Awake Your Wisdom invites you to look within to where lies your true essence, your true self and your true voice. This is a sacred place. The wisdom in me recognizes the wisdom in you. Here we awaken together, making this a kind, loving compassionate place.
A lot of shoulds live in my head. I
think the world should be a kinder place. Pumpkin Pie topped with whipped cream
should have no calories. Life should be fair. Spending time with family should
feel warm and snuggly like a pack of puppies. Pimples and wrinkles should not
be able to exist at the same time, and Republicans and Democrats should work
together to achieve common goals.
We all are hungry for similar things.
Even though there are canyons of differences between us, when you get right
down to it, most everyone wants to be loved and accepted. This Thanksgiving, I
fast on feeling disheartened and feast on gratitude. I accept the imperfections
in me and my world. I give thanks to those who will gather around the table,
and I will be grateful to have known those not in attendance, including my
uncle Ron and my vibrant 79-year-old brother-in-law Joe who passed away
suddenly from an infection while visiting Morocco. Instead of wishing, I could
go on one more bike ride with him, I will cherish the numerous bike rides we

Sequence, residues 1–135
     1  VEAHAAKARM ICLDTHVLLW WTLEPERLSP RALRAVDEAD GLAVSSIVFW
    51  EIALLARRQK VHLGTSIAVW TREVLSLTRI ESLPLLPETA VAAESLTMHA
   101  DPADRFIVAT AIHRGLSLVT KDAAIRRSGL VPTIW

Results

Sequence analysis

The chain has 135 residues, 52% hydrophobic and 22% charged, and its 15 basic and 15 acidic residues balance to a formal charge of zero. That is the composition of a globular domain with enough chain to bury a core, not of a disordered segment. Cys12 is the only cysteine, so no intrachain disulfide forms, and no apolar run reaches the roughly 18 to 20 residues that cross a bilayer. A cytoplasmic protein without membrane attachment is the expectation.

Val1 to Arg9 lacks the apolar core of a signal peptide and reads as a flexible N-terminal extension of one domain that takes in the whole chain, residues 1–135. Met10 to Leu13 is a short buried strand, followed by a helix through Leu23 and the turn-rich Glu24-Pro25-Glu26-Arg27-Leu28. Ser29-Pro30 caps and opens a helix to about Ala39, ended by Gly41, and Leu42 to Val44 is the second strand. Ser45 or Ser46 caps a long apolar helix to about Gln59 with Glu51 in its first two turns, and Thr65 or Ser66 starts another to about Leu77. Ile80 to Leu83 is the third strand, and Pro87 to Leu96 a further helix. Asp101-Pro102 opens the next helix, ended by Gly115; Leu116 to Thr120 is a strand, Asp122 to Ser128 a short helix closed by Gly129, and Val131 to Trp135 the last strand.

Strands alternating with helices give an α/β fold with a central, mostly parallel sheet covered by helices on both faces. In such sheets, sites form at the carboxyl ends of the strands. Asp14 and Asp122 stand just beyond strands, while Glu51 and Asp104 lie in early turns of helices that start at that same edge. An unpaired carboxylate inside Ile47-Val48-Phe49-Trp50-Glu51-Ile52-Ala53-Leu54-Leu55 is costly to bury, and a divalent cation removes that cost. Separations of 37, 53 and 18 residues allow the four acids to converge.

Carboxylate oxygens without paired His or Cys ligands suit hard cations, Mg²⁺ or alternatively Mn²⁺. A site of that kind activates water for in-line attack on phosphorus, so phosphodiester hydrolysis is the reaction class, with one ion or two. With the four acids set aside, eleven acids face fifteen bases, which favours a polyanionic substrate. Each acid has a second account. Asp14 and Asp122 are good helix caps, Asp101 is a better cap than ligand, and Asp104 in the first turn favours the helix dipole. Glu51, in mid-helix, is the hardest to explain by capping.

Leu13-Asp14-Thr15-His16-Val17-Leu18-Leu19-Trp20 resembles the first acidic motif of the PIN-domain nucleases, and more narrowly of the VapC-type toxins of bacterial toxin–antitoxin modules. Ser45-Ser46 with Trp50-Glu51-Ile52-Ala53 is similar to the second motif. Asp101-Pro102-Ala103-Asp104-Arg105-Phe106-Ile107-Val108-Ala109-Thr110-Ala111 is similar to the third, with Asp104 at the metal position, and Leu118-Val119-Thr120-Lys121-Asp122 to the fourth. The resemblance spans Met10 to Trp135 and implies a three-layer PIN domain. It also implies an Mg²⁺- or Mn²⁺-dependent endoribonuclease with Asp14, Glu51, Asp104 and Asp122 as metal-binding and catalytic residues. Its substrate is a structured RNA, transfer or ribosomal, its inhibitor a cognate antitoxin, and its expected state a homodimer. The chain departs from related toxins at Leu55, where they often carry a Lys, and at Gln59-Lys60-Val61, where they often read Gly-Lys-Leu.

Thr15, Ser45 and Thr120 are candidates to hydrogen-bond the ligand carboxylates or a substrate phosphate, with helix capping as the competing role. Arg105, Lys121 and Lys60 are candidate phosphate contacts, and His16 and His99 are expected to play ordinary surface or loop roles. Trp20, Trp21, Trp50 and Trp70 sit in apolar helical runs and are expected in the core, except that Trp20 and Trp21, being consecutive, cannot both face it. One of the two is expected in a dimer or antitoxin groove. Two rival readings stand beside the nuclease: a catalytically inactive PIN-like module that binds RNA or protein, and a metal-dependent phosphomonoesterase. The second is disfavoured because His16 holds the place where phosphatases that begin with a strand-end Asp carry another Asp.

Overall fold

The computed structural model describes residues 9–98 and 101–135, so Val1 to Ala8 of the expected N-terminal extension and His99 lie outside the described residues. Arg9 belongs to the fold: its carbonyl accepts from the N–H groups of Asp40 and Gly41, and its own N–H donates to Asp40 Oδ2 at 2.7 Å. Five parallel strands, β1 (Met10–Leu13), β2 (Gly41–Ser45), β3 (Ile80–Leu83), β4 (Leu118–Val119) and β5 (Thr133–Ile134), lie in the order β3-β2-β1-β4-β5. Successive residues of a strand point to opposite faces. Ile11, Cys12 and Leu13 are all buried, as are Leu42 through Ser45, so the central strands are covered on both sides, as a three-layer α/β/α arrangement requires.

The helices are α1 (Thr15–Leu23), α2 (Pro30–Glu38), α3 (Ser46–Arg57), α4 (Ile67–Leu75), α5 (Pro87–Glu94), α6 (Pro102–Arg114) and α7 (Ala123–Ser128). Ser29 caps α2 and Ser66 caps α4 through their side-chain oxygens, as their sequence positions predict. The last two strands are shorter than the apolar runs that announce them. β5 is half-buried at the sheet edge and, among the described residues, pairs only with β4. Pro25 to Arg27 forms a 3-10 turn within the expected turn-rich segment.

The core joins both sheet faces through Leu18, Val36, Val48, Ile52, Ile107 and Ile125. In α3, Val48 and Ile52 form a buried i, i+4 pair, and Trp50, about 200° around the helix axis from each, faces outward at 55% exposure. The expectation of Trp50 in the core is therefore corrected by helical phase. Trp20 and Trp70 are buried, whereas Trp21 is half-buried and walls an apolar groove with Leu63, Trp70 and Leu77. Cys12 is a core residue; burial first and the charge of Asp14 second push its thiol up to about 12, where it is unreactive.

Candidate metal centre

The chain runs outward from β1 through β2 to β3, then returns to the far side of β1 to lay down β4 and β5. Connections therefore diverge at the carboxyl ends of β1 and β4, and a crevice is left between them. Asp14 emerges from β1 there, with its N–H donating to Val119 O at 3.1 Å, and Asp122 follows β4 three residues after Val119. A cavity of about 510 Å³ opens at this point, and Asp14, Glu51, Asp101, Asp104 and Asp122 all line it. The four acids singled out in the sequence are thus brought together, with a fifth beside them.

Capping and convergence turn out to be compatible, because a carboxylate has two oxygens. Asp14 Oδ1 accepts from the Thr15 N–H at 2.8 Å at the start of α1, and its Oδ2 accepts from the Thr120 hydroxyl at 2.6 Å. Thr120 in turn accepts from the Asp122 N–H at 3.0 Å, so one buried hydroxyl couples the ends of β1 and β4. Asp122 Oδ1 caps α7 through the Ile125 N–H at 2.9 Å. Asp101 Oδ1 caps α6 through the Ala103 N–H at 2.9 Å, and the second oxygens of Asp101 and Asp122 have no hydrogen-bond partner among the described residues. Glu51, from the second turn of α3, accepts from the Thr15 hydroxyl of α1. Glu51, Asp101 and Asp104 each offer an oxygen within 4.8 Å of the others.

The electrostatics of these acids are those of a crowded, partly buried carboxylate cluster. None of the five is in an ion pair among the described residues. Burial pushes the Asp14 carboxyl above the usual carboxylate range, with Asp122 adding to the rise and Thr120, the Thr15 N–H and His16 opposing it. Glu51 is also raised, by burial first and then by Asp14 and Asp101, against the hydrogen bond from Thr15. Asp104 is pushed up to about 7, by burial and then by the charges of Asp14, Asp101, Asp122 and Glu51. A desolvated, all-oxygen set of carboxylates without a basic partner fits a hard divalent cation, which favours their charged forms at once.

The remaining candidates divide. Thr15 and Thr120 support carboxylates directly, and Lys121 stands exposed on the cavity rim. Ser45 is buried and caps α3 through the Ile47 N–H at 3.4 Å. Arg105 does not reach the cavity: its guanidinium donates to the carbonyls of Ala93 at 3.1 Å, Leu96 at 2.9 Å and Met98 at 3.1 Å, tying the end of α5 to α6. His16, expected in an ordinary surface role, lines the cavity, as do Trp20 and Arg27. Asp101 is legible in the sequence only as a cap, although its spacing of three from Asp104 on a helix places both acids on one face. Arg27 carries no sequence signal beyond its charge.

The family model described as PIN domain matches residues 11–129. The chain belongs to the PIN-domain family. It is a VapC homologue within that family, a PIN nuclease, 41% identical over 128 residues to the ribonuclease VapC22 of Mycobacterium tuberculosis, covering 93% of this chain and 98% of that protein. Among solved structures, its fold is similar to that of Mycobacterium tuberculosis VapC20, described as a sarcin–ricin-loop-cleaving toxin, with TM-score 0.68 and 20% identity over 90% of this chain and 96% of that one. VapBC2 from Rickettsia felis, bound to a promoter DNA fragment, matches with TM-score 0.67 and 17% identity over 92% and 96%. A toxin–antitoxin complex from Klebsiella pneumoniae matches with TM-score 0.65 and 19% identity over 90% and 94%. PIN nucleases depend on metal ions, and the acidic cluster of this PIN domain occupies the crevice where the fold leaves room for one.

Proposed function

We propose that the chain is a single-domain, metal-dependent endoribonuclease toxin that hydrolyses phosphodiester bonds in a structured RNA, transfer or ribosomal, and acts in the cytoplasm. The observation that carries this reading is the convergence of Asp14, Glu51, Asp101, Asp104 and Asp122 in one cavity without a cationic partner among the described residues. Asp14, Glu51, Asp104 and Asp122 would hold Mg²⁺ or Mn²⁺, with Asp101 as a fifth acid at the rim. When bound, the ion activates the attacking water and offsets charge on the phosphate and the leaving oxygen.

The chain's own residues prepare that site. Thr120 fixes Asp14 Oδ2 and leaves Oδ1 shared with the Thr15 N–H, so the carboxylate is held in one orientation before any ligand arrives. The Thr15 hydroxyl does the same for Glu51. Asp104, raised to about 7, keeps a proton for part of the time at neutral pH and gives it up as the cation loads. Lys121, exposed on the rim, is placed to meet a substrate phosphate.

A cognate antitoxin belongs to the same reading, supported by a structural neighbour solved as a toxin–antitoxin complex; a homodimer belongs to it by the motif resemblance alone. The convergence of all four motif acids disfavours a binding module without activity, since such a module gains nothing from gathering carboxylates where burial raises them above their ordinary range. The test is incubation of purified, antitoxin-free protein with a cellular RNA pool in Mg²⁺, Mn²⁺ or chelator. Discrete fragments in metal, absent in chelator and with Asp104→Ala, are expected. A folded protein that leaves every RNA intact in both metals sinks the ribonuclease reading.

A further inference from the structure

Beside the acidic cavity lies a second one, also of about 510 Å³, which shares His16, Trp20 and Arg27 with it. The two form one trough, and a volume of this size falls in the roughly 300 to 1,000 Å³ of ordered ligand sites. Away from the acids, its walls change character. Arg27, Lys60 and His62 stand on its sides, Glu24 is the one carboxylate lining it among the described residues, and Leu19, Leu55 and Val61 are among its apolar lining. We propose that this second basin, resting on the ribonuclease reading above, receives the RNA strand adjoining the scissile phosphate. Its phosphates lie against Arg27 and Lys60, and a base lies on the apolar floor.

enjoyed with him and my sister-in-law, including the 35 miles we rode the week
before he died. I will be grateful for the incredible role models they both
have been as parents, as grandparents, and as engaged citizens.
This Thanksgiving, I fast on conflict
and feast on peace. As dissonance and discord divide our country, I realize
that the most intense battles we face are within. Peace does not mean to be in
a place where there is no noise, trouble, or disagreements. It is living amidst
those things and still being able to find peace. The more I let go of how I
think the world should be and accept it for how it is, the less conflict, the
fewer problems, and less stress I have. The more peace I create within me, the
more peace I experience in the world.
This Thanksgiving, I fast on
indifference and feast on understanding.My friend and I were walking through Golden Gate Park when a car did an
illegal U-turn, nearly hitting a bicyclist. The biker slammed on his brakes,
flying off his bike and scrapping up his face. The driver got out of the car
and started yelling at the biker, accusing him of doing something wrong. We
stood in disbelief. Several others who also had witnessed the incident gathered
around the bicyclist.The driver backed
down when he realized we were not going to let him get away with his
negligence. When I see unsettling things in the world, I know that it is a
mirror of something disturbing in me. When I see something that irritates me in
another person, it is because that same quality exists in me. Every experience
I have can lead me to a better understanding of myself.
This Thanksgiving, I fast on fear and
feast on Love. We are here to love this beautiful and complex world, somehow
learning to accept all its stumbling blocks as opportunities for growth. It's
easy to love the people who are the most like us. It takes maturity and
self-reflection to love the people that are different from us. Each day we get
to choose to close down in fear or stand up and be open to Love. We are here to
learn how to demonstrate kindness to ourselves and each other. We are here to
experience togetherness. Let Love replace fear and every day be a thanksgiving.